It's the old giving your 13-year-old a few sips of beer at the family barbecue, buying your 16-year-old some drinks to take to a party, celebrating the right of passage that is their 21st with them chopping a yard glass as everyone cheers. I always cringe when see proud dads cradling their wee babies in their arms and giving them a tiny sip of something, or letting them suck on the end of a beer bottle. This is common. Is it to get them used to the day they'll be a drinker like dad? Is it to get their wee bodies acclimatised (for want of a better word) to alcohol? It's weird that people think it's harmless to give wee babies tiny sips of alcohol when it's generally accepted that there's no safe level of alcohol for pregnant women. One thing that makes me cringe as a dad is wondering if my daughters will drink like I did when I was a teenager.

Back to the question. Am I missing a golden opportunity to model responsible drinking for my daughters? My answer was that my wife can play that role now. She is a responsible drinker after all. She, perhaps influenced by my journey, hardly drinks at all now and I haven't seen her drink at home for ages. I've never been rolling drunk in front of my girls, but one of the reasons I decided to give up alcohol was I felt I was starting to model my drinking habits in front of them. It was the wine or cider while cooking dinner, and the drinking on the weekends at home that I was starting to get uncomfortable about. They were seeing me drinking pretty regularly. When my youngest started asking whether me or my wife were drinking "pinot noir or rose?", while heart-crushingly cute, it did give me pause for thought.

I know they will get to an age where they start to make decisions for themselves around alcohol. But here's the thing. My parents' mostly moderate drinking never influenced me one way or another. When I was 16 all me and my friends could think about every weekend was whether we were going to be able to scam our way to procuring beer. I'm not blaming my folks at all, because I hid 90% of my teenage drinking from them, but I might have benefitted from some frank discussions around the dangers of alcohol (or is this just the parent in me talking).

What I question now is why is it inevitable that our children will just be enveloped into the booze culture, as if it is their birth rite? And why do we have to be complicit in it? Yes, I know when they get older it will be their right to make their own decisions around booze. Yes, I know they will probably follow the crowd and drink before they reach drinking age. I know they will have to learn by their own mistakes rather than mine. But I've decided I'm not going to help them along in their drinking endeavours, other than giving them all the information they need to make their own, hopefully responsible, choices.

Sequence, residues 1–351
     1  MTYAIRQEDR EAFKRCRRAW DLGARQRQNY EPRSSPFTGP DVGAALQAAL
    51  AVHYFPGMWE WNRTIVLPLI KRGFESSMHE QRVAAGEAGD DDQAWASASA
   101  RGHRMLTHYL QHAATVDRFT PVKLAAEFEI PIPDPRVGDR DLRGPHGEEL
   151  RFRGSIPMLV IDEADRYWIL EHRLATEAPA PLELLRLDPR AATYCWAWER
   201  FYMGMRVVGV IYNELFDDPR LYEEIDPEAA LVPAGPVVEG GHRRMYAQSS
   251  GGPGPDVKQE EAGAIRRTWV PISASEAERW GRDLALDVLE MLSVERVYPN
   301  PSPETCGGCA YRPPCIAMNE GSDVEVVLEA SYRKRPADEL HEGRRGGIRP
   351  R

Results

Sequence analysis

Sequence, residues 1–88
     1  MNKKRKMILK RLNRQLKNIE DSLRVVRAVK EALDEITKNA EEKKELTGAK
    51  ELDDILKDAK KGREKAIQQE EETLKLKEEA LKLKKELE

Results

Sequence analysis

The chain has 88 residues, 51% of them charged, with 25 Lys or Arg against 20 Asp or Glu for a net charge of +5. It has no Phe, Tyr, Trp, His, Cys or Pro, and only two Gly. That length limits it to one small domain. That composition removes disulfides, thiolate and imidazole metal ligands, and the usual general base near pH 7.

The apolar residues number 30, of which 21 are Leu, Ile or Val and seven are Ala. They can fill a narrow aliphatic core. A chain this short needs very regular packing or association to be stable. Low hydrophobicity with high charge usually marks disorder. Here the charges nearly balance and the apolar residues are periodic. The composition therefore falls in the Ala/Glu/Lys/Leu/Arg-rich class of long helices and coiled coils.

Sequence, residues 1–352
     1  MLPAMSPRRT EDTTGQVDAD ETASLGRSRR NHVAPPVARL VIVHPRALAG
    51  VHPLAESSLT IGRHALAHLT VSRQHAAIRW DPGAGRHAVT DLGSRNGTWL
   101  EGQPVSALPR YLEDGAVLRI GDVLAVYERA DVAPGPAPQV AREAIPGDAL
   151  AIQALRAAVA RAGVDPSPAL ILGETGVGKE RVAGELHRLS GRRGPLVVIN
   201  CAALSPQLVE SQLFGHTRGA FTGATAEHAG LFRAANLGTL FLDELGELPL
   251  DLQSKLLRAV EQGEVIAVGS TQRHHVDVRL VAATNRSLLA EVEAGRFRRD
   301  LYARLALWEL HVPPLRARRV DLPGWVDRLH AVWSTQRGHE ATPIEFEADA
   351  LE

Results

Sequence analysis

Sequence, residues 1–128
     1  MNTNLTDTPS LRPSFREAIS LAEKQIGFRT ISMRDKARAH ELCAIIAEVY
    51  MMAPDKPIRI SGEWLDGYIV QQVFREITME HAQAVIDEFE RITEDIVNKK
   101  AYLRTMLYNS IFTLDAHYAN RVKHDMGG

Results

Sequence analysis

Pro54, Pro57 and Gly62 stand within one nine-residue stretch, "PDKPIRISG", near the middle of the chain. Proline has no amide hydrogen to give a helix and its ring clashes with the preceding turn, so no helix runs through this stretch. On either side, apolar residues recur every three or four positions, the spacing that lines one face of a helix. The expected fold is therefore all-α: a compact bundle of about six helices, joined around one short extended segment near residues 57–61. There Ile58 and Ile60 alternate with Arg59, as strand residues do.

What can I tell you about the effect my non-drinking has had on them. Well, they no longer ask about what variety of wine we're drinking. They still have to deal with their grumpy sleep-deprived dad on occasions, but they haven't had to deal with their hung-over dad for months. Alcohol is just not really on their radar anymore.

They can be influenced by the drinking culture, by their peers, by their family and now they have another option - being a non-drinker - to add to the mix.

I think it can only be a good thing that they see that as a valid choice too.


Thursday, 18 August 2016

Sharing the load

I caught up with an old mate today. The last time I saw him his partner was going through some hard stuff. Now they've broken up sadly, and he's pondering his next move. He asked me what had been going on for me and I told him about ditching booze. He was supportive and we had a long chat about how his former partner has struggled with alcohol and the tension it caused between them.

I love how talking about my decision opens up stuff for others. We can all touch on common experiences.

I haven't been announcing my situation by loudhailer, and I've only told a handful of people I'm Sober Man365 (not that I'm ashamed of anything). When I'm tapping away at my keyboard I confess I feel a bit like a bespectacled Clark Kent - anonymous and free to write without a filter. I'm not sure my costume would be as cool as Superman's though. What would a sober crusader wear anyway (suggestions please)?

However, of the sprinkling of people I have told, many of them have talked about how they should cut down or of someone close to them who has/had alcohol-related problems. I've had very few negative reactions.

I think talking about problems with booze is a healthy conversation to have. Most of the time stuff like that is kept inside. It's an internal conversation that can go around and around in circles in your head. Your own partner might not necessarily know how you're feeling. You can tell if someone doesn't want to go there pretty quickly, but for those who do want to talk about it, that kind of conversation can be really helpful for both parties. I could tell my friend was stoked to be able to get some of it off his chest.

I've also been locking in the details for my 40th today. It's in a couple of months. I've just sent out the invitations on Facebook. I told everyone there would be a bar tab and nibbles (till it runs out). It makes me feel like such an enabler. Now that I'm living sober I see things from the sober person's perspective. I'm also considering the people that may be trying, like me, not to drink. Before I would only see things from my own drinker's perspective.